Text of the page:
Confronting uncomfortable truths: It's time to end the era of 'The Innocent Man'


After 30 years of imprisonment for a 1987 rape, Perry Lott walked out of the Pontotoc County Courthouse a free man on July 9. Lott, represented by the Innocence Project, requested a new trial as a result of recently tested DNA evidence. No physical evidence linked Lott to the crime scene, and new DNA analysis revealed that Lott’s DNA was not present in the rape kit performed on the victim. Most notably, the analysis indicated the presence of an unknown and unidentified male’s DNA.

Despite scientifically concluding that Lott’s DNA was not present in the rape kit and that another unknown male’s DNA was present, the district attorney insists that Lott is the perpetrator of the rape. The new DNA evidence was likely sufficient to grant Lott a new trial, so the district attorney offered Lott a choice. Lott could agree to surrender his claim for a new trial and be released from prison immediately but be followed by a felony conviction, or Lott could face a retrial for the charges while remaining in jail. After more than thirty years in prison, Lott chose to return to his family with a felony conviction, despite his claim of innocence. 

Lott’s case is just the latest example of our district attorney failing to acknowledge a wrongful conviction, and more critically, failing to restore justice. John Grisham’s nonfiction book, The Innocent Man: Murder and Injustice in a Small Town, cast a shadow over the justice system in Ada. Similar to the Lott case, The Innocent Man details the wrongful conviction of Ron Williamson; Williamson was later exonerated through DNA testing. Rightly or wrongly, The Innocent Man caused our District Attorney’s office to earn a reputation of promoting conjecture over integrity, convictions over truthfulness, and expediency over justice. This legacy is exacerbated by the actions of the district attorney in Lott’s case.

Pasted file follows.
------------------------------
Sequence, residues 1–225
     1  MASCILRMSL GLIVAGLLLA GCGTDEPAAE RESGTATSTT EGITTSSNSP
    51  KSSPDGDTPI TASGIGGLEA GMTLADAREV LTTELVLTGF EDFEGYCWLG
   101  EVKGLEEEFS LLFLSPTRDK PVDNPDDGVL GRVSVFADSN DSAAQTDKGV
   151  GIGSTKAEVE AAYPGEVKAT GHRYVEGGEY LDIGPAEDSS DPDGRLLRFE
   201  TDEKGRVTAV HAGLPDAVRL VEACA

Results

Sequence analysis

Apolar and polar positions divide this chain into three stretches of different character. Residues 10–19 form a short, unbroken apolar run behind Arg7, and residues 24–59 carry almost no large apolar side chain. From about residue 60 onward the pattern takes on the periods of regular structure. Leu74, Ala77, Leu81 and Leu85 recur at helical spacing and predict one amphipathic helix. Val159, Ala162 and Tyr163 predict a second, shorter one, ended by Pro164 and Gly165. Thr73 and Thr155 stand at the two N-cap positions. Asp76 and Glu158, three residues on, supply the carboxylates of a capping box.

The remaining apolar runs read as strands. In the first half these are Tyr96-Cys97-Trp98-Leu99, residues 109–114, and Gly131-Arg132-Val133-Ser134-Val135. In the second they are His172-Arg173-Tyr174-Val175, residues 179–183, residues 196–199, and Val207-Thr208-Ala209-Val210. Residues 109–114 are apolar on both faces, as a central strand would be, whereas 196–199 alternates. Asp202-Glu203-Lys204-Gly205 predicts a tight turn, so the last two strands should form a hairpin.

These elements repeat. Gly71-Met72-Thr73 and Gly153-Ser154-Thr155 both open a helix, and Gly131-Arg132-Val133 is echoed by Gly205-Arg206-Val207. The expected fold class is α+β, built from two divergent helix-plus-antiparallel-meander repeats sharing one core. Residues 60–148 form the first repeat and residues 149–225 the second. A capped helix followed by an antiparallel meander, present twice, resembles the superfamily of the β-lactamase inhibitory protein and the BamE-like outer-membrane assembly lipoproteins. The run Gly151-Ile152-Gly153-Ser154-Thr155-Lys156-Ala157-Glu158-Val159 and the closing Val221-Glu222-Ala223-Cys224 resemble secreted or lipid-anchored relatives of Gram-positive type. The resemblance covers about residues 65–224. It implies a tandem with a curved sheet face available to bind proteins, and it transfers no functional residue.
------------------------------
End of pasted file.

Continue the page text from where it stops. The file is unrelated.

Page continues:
The district attorney must be willing to take a courageous stand when presented with strong evidence that an innocent person has been wrongfully convicted and imprisoned. The focus of our court system and the goal of a prosecutor should be to determine the truth so that we may serve justice. This must include acknowledging mistakes, identifying shortfalls and promoting safeguards to prevent the miscarriage of justice. 

Supreme Court Justice Robert H. Jackson stated, “Safety lies in the prosecutor who tempers zeal with human kindness, who seeks truth and not victims, who serves the law and not factional purposes, and who approaches his task with humility.” Our community is not safe — and justice is not served — when the district attorney is unwilling to confront the truth in light of exculpatory evidence. The district attorney must consider technological advances in the law and be willing to continuously examine whether justice is served in every case. Most importantly, our district attorney must value the pursuit of truth to provide justice to our community. Only then may we signal an end to the era of The Innocent Man.

Josh Edwards is a candidate for district attorney for Judicial District 22, which includes Pontotoc, Seminole and Hughes counties.

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